This well-illustrated article highlights the new Museum of Indian Paper Money in Bengaluru. -Editor
Many people collect stamps and coins as a hobby, but Rezwan Razack loved collecting Indian paper money. His collection over five decades now has a permanent home in Bengaluru, with the launch of the Museum of Indian Paper Money.
Rezwan Razack is Co-Founder and Joint MD of the Prestige Group, and the museum is housed in Prestige Falcon Towers on Brunton Road. The terrace of the building offers stunning views of Bengaluru, but the real cultural treasure is on the third
floor where the museum is located.
A tour of the museum is like a tour through India's colonial and post-independence history, with a collection of impressive depth and diversity. Some of the banknotes date back to the early 1800s; some notes are even uniface or one-sided.
The collection has notes representing British India, French India, Portuguese India, the Princely States of Hyderabad, Jammu and Kashmir, and Saurashtra. There are even Prisoners of War Coupons to Indian notes issued in the 19th century, as well
as particularly rare notes that were printed in India but also used in Burma and Pakistan during the early turbulent years of independence.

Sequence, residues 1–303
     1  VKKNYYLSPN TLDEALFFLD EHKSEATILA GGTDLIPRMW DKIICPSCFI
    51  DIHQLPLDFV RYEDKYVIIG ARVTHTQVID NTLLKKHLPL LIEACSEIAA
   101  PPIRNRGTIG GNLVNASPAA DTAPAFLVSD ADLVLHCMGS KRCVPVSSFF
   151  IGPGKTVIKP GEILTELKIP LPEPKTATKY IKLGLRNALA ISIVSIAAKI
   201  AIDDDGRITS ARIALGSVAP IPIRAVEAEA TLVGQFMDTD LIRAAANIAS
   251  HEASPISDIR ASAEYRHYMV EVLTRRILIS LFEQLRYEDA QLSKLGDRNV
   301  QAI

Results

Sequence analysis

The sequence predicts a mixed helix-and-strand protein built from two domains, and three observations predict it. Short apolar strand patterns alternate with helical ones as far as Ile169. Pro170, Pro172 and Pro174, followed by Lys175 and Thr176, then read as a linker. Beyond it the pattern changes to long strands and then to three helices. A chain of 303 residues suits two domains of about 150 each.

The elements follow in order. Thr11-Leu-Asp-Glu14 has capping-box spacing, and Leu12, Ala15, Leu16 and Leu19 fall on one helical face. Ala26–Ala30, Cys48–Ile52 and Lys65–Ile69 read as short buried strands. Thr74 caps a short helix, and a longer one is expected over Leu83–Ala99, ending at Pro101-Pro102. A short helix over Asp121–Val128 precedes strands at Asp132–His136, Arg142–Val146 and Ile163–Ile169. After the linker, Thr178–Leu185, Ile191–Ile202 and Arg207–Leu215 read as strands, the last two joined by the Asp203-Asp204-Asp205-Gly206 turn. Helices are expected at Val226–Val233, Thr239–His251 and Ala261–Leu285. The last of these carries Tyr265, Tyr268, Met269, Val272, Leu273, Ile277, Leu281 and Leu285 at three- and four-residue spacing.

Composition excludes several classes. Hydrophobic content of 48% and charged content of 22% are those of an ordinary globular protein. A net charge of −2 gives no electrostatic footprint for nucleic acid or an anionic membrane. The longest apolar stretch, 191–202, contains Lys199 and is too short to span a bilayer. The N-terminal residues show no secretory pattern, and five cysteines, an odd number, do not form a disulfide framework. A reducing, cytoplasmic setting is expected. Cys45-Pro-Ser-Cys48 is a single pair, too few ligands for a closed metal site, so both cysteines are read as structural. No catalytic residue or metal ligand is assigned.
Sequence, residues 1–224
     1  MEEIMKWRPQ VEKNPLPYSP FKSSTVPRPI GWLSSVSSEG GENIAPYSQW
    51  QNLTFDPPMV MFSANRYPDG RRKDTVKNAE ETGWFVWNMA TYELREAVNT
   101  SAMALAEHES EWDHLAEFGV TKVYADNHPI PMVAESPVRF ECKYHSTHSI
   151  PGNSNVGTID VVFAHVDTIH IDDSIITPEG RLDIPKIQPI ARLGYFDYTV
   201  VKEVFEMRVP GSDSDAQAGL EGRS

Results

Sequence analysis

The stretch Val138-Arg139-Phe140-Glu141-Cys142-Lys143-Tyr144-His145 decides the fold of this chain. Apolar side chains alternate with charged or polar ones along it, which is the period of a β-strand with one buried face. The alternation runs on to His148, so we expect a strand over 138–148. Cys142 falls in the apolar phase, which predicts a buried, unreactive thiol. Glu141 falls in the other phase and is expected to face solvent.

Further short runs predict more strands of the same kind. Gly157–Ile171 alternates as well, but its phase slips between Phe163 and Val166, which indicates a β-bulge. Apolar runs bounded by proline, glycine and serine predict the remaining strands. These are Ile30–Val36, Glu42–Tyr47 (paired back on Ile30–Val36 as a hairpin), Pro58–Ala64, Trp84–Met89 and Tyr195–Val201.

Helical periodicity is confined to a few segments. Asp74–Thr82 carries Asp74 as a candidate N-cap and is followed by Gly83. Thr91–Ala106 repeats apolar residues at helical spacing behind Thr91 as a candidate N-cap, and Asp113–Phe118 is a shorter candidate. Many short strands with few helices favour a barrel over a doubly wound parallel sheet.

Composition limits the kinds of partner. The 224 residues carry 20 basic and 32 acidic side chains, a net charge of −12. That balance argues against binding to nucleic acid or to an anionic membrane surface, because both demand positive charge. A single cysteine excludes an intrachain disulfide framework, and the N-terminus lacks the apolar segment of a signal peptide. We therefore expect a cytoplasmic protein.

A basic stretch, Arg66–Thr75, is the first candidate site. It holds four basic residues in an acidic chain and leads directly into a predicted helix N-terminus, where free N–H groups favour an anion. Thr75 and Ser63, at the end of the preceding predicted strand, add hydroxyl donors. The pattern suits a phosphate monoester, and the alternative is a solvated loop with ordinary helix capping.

The inauguration featured a panel discussion by Rezwan Razack and Dr C. Rangarajan, former Governor, Reserve Bank of India (RBI). Rezwan is also co-author of The Revised Standard Reference Guide to Indian Paper Money, released in 2012. His
second book is titled One Rupee - One Hundred Years (1917-2017). It marked the 100th anniversary of the issue of the one-rupee note in India.
Once the museum is opened again after the coronavirus lockdown and with public safety measures in place, it will be sure to attract audiences of all ages and professions. Those eager to glimpse our history through something as powerful and
insightful as the currency note will surely be rewarded with this visual and panoramic treat.
To read the complete article, see:
How a hobby for collecting historic currency notes led to creation of the Museum of Indian Paper Money
Wayne Homren, Editor
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